Draft EU laws to make it easier for start-ups to access venture capital and social enterprises to access social entrepreneurship funding were amended by the Economic and Monetary Affairs Committee on Thursday. MEPs sought to facilitate access to both types of funding, whilst at the same time preventing speculative investors from hijacking the investment funds.
Negotiations between Parliament and Member States start next week in a bid to strike a deal. The legislation is seen as a useful tool in the overall strategy of returning the EU to growth and channelling finance to the real economy.
The two rapporteurs welcomed the adoption, by a very large majority, of the texts.
Sophie Auconie (EPP, FR), said "Social investment and entrepreneurship are in full development and the EU has a responsibility to support this movement through an investment mechanism which is safe and attractive".
Philippe Lamberts (Greens, BE), said "The committee has voted a text which can definitely help to overcome the current fragmentation in the venture capital market, which constitutes one of the main causes of the poor venture performance in Europe".
European social entrepreneurship funds
The adopted text, drafted by Sophie Auconie (EPP, FR), amends the Commission proposals to make it easier both for investors and for beneficiary enterprises to access social entrepreneurship funds, which invest in social enterprises.
Social enterprises, which focus on generating social benefits rather than profits for owners and shareholders, make up 10% of EU firms and employ around 11 million people. In hard economic times, they therefore find it difficult to access finance and many see their traditional grant-based funding dwindle, too.
To raise awareness of the existence of such funds, the text proposes stepping up communication campaigns and disseminating the best practices of more experienced Member States across the EU
The text increases the security of the running of the funds, by proposing a depositary for them to provide a clear trace of investments, as well as generally clarifying the rules which the fund managers must follow.
MEPs also amended the way in which money can be invested in such funds, to include investments made by undertakings for collective investment in transferable securities (UCITs), i.e. investment vehicles that tap small, individual investors.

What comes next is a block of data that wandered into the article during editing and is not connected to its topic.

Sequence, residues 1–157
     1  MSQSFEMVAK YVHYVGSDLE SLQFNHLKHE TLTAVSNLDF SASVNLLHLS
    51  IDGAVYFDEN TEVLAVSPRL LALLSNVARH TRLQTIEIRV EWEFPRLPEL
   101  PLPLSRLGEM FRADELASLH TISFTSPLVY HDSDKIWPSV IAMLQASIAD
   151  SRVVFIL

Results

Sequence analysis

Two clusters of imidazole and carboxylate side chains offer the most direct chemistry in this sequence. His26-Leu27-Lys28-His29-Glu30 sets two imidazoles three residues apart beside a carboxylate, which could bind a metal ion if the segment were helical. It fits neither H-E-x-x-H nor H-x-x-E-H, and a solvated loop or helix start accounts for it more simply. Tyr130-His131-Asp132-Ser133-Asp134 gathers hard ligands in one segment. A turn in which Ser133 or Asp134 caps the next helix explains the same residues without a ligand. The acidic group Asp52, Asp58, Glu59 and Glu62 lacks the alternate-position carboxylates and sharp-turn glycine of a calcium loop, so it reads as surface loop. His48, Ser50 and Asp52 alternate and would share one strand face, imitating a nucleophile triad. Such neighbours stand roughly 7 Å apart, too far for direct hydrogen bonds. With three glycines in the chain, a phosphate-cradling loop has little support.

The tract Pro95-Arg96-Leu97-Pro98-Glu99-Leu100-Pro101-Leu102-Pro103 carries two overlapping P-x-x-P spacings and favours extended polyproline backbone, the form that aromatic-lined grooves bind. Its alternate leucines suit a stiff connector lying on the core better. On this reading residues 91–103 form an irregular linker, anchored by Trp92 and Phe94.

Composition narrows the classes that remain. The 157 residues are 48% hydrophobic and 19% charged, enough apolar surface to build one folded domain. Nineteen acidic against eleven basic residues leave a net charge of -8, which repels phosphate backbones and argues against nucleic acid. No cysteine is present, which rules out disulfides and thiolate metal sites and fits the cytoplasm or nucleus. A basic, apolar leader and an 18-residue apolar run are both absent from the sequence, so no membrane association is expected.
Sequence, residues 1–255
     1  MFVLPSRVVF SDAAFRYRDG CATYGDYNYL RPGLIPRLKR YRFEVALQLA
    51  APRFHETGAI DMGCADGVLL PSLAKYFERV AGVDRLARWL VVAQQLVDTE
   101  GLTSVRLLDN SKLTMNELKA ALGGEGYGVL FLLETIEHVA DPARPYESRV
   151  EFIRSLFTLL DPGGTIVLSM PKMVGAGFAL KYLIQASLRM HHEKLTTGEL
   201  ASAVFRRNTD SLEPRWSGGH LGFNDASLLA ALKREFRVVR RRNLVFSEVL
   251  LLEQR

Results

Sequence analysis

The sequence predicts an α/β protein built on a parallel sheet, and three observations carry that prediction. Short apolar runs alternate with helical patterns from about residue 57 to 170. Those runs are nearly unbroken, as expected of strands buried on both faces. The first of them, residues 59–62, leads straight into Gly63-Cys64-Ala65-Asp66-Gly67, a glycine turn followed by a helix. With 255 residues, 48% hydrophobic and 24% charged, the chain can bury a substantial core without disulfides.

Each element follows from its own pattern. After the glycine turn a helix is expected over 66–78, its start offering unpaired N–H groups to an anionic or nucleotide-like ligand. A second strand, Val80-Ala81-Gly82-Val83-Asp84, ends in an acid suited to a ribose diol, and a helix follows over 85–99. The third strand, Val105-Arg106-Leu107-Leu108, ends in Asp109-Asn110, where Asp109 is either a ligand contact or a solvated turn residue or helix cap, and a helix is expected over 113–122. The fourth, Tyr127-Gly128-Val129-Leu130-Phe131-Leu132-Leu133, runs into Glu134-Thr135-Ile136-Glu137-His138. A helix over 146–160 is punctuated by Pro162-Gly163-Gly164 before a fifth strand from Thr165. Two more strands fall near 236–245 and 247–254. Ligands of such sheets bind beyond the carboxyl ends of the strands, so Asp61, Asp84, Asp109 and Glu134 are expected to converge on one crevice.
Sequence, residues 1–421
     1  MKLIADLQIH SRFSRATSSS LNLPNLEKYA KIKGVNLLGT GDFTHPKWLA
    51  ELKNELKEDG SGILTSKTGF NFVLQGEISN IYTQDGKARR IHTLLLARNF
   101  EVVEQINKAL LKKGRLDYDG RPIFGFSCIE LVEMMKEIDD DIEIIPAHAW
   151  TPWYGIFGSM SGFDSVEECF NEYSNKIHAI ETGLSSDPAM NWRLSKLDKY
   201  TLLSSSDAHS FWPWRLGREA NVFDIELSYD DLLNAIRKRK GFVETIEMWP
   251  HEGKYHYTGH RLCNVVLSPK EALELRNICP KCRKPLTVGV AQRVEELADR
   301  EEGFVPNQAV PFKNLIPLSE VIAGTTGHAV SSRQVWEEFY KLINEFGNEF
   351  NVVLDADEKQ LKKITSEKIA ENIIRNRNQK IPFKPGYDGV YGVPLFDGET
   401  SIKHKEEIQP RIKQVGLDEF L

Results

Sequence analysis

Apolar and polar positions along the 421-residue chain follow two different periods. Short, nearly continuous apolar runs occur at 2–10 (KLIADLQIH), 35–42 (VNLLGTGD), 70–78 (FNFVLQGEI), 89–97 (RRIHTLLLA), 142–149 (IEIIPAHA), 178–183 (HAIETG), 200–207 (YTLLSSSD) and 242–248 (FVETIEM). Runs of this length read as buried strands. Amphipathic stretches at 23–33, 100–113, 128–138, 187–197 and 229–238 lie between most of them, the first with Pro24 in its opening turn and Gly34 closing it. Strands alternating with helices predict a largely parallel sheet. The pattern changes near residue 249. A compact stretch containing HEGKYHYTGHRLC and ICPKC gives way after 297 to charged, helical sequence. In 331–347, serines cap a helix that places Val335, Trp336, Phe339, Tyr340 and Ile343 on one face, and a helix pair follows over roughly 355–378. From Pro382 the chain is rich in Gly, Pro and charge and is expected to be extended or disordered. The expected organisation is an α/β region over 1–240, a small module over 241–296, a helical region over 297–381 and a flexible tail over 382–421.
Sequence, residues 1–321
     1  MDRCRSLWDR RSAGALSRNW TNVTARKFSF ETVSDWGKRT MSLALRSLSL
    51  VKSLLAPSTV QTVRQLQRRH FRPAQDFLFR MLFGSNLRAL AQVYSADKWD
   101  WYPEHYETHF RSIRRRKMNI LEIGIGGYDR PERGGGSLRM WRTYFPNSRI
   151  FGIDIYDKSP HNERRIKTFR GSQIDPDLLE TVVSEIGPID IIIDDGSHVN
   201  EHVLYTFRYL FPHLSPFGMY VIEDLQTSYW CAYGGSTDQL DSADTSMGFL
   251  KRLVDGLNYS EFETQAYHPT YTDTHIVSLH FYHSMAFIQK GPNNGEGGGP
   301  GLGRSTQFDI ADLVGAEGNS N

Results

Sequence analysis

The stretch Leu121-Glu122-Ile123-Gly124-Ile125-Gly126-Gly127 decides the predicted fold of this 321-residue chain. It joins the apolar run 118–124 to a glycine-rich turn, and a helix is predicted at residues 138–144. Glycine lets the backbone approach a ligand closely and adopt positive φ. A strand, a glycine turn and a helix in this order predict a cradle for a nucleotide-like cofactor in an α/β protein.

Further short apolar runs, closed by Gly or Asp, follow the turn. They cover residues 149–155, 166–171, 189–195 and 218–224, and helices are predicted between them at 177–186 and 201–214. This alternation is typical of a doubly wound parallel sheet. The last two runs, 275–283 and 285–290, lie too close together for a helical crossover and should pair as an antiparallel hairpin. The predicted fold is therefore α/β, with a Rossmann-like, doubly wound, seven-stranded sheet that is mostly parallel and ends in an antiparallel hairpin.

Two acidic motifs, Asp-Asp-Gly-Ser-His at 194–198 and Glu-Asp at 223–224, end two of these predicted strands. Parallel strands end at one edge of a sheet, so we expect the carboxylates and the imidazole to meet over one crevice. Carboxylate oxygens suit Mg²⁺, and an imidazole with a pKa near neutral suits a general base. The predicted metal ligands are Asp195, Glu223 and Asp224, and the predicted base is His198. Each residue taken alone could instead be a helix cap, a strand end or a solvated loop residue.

The amendments will enable non-professional individuals to invest in social entrepreneurship funds, via UCITs, without lowering the €100,000 minimum investment threshold originally proposed by the Commission. UCITs will thus be able to invest up to10% of their finances in social entrepreneurship funds.
European venture capital funds
Innovative start-up companies also have great difficulty in accessing investment funds in the EU, where venture capital is severely underdeveloped compared to the US.
The adopted text, drafted by Philippe Lamberts (Greens, BE), amends the Commission proposal to ensure that neither venture capital funds nor their beneficiaries are established in tax havens.
To discourage speculative investors, and enable fund managers to take a long-term view, another amendment would require that funds invested would only be returned to the original investors after a specific period (i.e. after the liquidation of the fund), thereby making it impossible for investors to pull their money out before this time has elapsed.
To increase the likelihood that funds will go to real-economy small and medium-sized enterprises, the committee text also prohibits fund managers from investing in the innovative products of financial service companies.
Like the text on social entrepreneurship funds, this one also provides for a depository, so as to make the fund's management safer and more transparent
In the chair: Sharon Bowles (ALDE, UK)